ARH part of telestroke pilot

Published 12:05 am Thursday, May 31, 2012

Amy Herrington, Andalusia Regional Hospital’s emergency room director, and ER nurse Jeremy Cottle begin setting up the new tele-neurologist machine Wednesday, which allows ER staff to quickly diagnosis and treat stroke patients through teleconferencing.


Andalusia Regional Hospital is sharing in a $55,000 state Public Health Department grant to help purchase a “life saving tool,” hospital officials said Wednesday.

The funds were also given to hospitals in Montgomery and Prattville to improve stroke care expertise, said Amy Herrington, ARH’s emergency room director.

“This is a pilot project where specialists use videoconferencing to remotely examine a patient presenting an acute neurological emergency, which could be a stroke or seizures, make a diagnosis, interpret the brain images and provide recommendations to the hospital’s physicians,” Herrington said.

Herrington described the way the system works as a “hub and spoke model.”

“Which means a local ER doctor here can teleconference with a neurologist at Baptist Medical Center South in Montgomery,” she said. “It puts the doctor right at the patient’s bedside, whereas before, you would’ve had to have gone 70-plus miles to get a consult.”

Herrington said when treating an acute stroke patient, “time is foremost.”

“One of the most important treatments ER doctors use to treat strokes is called tPA –a blood thinner that dissolves artery-clogging blood clots which causes most strokes.

“You only have a three hour window to administer tPA after you start noticing symptoms,” she said. “That’s why it is so important to get to a hospital if you think you’ve experienced a stroke or stroke-like symptoms.”

State Health Officer Dr. Donald Williamson said the project “has the potential to dramatically improve the quality of care given to stroke patients by saving precious time and delivering expert neurological care to patients experiencing stroke symptoms.”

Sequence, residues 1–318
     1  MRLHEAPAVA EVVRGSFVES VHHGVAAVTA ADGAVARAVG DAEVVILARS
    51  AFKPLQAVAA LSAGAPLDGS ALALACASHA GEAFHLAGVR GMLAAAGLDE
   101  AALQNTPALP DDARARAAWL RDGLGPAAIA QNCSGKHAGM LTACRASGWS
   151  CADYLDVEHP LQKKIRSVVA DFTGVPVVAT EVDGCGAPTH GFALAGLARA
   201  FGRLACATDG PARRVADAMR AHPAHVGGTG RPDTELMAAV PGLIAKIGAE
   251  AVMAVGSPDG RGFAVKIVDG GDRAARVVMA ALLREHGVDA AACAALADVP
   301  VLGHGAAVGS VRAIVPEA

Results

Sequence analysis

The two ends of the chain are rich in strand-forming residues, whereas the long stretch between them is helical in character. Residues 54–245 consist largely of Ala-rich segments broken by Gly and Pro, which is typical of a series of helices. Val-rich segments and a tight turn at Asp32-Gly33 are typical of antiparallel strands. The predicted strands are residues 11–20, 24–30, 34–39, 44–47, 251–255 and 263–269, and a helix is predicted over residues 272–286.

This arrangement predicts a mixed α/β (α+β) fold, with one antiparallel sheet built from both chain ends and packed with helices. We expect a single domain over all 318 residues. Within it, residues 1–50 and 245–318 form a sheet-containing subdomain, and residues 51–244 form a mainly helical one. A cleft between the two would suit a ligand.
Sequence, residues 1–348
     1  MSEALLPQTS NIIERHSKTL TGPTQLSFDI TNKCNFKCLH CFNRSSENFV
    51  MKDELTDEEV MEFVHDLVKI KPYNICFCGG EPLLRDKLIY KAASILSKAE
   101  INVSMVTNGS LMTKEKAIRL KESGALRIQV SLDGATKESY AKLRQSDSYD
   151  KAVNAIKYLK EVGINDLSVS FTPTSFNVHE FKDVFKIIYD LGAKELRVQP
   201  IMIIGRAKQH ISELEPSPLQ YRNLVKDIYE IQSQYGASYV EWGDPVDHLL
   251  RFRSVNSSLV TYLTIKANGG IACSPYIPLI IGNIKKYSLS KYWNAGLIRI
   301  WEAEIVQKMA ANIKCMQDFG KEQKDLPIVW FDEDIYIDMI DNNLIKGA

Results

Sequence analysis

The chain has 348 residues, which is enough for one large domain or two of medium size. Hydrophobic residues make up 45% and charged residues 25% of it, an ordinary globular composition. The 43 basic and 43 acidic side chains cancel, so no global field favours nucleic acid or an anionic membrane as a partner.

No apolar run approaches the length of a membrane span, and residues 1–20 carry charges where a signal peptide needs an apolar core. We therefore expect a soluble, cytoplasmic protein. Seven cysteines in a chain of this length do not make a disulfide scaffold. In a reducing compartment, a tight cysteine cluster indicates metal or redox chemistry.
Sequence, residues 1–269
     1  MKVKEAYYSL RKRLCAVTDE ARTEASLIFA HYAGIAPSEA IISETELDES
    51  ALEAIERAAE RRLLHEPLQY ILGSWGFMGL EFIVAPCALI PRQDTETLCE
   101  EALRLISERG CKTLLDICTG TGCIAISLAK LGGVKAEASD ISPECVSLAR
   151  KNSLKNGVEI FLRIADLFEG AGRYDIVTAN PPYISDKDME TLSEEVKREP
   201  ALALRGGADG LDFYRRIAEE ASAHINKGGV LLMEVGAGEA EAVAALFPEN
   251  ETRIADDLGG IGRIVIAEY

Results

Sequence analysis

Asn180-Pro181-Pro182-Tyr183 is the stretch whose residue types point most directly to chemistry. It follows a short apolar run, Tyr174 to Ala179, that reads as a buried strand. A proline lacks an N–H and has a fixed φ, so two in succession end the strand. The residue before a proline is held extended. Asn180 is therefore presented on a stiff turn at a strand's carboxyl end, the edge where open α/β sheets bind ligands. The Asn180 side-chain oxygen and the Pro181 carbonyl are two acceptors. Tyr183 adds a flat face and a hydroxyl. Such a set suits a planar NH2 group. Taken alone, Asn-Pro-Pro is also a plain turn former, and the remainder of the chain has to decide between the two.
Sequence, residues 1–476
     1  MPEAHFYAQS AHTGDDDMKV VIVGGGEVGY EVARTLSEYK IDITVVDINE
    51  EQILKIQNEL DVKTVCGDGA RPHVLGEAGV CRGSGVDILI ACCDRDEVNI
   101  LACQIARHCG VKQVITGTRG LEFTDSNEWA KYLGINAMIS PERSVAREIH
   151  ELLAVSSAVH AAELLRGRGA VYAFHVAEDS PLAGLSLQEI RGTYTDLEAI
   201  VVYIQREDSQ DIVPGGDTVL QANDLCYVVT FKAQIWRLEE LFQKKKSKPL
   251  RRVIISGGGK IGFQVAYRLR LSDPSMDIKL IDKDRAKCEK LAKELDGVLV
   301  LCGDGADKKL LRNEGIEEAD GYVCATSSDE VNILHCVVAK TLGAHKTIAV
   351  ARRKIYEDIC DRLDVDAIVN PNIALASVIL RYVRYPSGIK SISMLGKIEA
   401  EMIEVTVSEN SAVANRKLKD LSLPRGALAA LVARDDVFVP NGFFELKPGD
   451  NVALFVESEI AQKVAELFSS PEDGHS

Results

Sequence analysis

Herrington absolutely agreed with that statement, she said, as the equipment has already been put into use at ARH.

“We had a patient about a month ago who, when he arrived, we could see had an ischemic stroke, which is a blood clot,” she said. “We were able to get a tele-neurologist consult and administer the medicine. More than likely, had he not gotten that medicine, he would have gone into a non-responsive state. This piece of equipment and the medicine saved his life.

“Within 30 minutes of administering the medicine, he was able to communicate and move normally,” she said.

Herrington said people should remember the word “fast” to recognize the signs of a stroke:

• F for facial weakness. Can the person smile? Has his or her mouth or eyes drooped?

• A for arm weakness. Can the person raise both arms? Is one slightly lower?

• S for speech/sight difficulty. Can the person speak or see clearly and understand what you say?

• T for time to act.

“This one is very important, because a stroke is an emergency,” Herrington said. “Time loss is brain lost. Call 911.”